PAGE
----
British Singer/Songwriter Craig David released his second album in 2002 having come off the back of a extremely popular debut “Born To Do It” in 2000.
It seems odd today but there were next to none British black R&B artists in the UK Charts and it is this that I always believe that David was the butt of media jokes throughout his successful period which with the likes of Stormzy and Tinie Tempha popular today seems quite bizarre.
As sophomore albums go this wasn’t a bad effort from David who secured a number of hit singles as well as creating an album which in terms of production doesn’t sound too dated here in 2017.
What is apparent on this album is just how insecure Craig David was which might explain why after 2007 there was no new material for 9 years due to the decline in credibility and interest in his progression as an artist.
The title of the album suggest that there is a boyish arrogance but the title track “Slicker Than Your Average” is really anything but. David wants us to believe that he believes in his own ability but clearly he is hurt by the reaction to him and his music from the mainstream press, fans and the music press.
In this song he address’ being told he wasn’t good enough, being told that he has turned his back on the UK garage music scene and how his image is too clean to be accepted in the R&B world.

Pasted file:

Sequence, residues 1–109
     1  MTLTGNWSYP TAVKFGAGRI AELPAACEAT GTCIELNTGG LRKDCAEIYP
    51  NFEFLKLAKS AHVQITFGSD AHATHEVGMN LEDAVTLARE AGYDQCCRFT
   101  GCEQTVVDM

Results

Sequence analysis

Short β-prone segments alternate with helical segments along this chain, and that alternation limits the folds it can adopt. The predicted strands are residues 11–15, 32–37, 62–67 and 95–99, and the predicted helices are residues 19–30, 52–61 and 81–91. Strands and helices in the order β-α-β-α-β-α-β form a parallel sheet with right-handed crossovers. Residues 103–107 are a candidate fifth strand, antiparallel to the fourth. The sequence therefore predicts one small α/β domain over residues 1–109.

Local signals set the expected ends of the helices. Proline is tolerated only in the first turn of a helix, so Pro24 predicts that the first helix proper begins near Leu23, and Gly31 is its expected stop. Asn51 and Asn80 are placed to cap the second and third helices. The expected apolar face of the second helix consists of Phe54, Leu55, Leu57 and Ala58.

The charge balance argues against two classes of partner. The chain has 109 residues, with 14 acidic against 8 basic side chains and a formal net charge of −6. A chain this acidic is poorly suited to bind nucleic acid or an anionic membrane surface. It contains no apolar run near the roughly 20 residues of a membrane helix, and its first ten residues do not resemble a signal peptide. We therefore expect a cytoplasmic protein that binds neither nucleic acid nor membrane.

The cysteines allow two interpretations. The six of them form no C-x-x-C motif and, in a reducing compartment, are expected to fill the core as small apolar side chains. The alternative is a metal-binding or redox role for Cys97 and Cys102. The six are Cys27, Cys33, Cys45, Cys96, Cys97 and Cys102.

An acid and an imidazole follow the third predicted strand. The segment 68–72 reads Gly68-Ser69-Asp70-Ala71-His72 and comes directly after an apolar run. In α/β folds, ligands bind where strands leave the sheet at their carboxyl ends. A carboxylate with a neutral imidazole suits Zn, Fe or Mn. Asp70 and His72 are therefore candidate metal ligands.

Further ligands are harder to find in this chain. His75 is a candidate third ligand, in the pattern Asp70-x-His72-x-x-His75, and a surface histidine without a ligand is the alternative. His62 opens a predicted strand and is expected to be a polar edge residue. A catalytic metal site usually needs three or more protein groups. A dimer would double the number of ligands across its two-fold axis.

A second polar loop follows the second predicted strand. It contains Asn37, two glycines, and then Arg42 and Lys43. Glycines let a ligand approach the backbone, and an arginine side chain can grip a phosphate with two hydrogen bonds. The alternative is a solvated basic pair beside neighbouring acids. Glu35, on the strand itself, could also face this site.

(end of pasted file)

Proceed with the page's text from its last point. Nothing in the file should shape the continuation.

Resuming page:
The production on this song is bold and slick. It’s the edge the song needs but the lyrics and delivery I find hard to fully believe because David is trying to give off a tough image yet he mentions kids pulling off the bumper on his Peugeot 206 which even for that time wasn’t exactly a car you’d be ecstatic to drive.
Lyrical content has never been Davids strength despite catchy hooks and pleasant production. This is shown none more so than on “Whats Your Flava”.
When this song came out I was in college and absolutely loved it. I loved singing a long to the inane lyric about asking a girl “I wonder if I can peel your wrapper” as I compare her to chocolate in a way usually only R.Kelly could get away with.
This song is a departure from the lighter sound on the first album which as the lead single showed much promise despite it being all a little frivolous.
More lyrical nonsense comes on the third track “Fast Cars” which is one of those songs that sees David try to gain some ‘street cred’. Again the production is slick and bold. The chorus is a weak as David sings about fast cars and fast women but the song somehow works. It sounds together in a cohesive fashion that was all very deliberate.